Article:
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This is a complex issue. I think that both metrics are needed in any organization being able to define itself as "successful." Organizations that are not efficient simply are not built to last and those who are not effective are also paving their way for their own destruction.
Independently, both can be seen as important standing alone. There is something to be said for organizations that are efficient. Efficiency is usually a metric that is associated with input and output. It has a mathematical edge to it. An organization cannot be considered efficient if it is not getting more than it puts in. This is a simple metric that cuts through much in way of discussion. At the same time, effectiveness is something that organizations recognize as vitally important. One cannot be effective if the cost of efficiency is ineffectiveness in a given setting. In the end, this can doom an organization because a competing entity will be effective and thus attract more people because of it.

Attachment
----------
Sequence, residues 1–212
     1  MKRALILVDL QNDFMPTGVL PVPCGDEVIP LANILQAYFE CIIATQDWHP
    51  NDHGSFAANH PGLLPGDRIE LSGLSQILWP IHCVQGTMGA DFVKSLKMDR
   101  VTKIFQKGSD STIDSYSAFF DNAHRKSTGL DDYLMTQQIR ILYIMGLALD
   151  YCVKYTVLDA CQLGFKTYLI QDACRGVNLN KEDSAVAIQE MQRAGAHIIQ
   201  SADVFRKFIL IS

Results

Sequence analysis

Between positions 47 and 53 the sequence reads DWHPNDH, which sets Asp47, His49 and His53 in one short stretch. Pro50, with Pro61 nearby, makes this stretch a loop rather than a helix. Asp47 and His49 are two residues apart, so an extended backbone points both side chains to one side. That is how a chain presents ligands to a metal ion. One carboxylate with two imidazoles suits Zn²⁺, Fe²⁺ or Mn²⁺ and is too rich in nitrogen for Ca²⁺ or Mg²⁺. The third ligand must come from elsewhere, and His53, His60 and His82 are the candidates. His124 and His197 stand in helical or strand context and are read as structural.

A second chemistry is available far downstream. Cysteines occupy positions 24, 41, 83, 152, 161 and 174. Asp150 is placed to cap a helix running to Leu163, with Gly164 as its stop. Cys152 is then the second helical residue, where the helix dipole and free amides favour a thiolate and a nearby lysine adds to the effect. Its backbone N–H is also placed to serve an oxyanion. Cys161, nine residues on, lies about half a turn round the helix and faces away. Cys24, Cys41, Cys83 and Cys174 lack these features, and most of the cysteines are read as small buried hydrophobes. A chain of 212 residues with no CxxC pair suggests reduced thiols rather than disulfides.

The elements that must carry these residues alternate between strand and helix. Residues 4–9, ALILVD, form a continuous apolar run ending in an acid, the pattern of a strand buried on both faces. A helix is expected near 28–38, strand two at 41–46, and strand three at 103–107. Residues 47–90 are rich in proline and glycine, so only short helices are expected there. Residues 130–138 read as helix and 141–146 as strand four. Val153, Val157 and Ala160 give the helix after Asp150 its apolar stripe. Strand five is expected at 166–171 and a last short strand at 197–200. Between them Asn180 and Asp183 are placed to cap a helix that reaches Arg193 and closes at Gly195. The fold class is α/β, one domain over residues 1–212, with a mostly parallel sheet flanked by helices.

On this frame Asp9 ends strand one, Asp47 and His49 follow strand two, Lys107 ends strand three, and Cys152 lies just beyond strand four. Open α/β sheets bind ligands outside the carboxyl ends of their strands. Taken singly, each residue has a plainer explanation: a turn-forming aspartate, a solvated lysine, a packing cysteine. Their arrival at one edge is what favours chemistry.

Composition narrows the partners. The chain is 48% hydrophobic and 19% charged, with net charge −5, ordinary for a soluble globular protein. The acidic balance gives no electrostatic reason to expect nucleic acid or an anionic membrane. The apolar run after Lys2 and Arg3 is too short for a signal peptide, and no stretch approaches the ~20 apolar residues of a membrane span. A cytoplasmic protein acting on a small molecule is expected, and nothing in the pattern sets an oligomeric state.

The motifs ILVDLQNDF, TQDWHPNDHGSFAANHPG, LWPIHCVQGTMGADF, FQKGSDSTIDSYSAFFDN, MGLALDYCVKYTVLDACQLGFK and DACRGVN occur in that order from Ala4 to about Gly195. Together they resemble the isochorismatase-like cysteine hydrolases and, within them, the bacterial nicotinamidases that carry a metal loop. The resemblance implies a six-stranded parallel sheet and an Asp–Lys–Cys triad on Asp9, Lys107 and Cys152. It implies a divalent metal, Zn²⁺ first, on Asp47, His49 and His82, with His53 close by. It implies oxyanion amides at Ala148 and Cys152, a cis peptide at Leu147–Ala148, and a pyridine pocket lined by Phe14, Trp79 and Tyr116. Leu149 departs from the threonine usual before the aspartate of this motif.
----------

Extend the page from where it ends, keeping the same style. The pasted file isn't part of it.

I would say that both are needed in today's environment. In a condition where economic progress and comfort are challenging elements, both efficiency and effectiveness are needed. Perhaps, this is a step in achieving an effectively efficient solution or an efficiently effective one. Organizations have to find a language and environment in which both are equally tempered. Efficiency and effectiveness are two ingredients that can spell long term success to any organization simply because a choice is not made. I cannot see success in today's complex and demanding environment for any organization that makes a choice between both. Seeing that today's environment is a globalized one with more consumers and competitors than ever before, an organization that makes a synthetic reality in which both effectiveness and efficiency are embraced is geared towards greater choice than those who force a choice to be made between them.
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